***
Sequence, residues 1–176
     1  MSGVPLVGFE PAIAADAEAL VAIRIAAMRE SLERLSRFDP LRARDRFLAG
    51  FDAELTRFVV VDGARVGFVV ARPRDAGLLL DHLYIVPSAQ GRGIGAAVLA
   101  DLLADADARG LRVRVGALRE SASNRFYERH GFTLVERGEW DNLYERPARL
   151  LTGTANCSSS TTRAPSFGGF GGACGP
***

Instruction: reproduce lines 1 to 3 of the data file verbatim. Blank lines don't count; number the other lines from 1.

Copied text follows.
Sequence, residues 1–176
     1  MSGVPLVGFE PAIAADAEAL VAIRIAAMRE SLERLSRFDP LRARDRFLAG
    51  FDAELTRFVV VDGARVGFVV ARPRDAGLLL DHLYIVPSAQ GRGIGAAVLA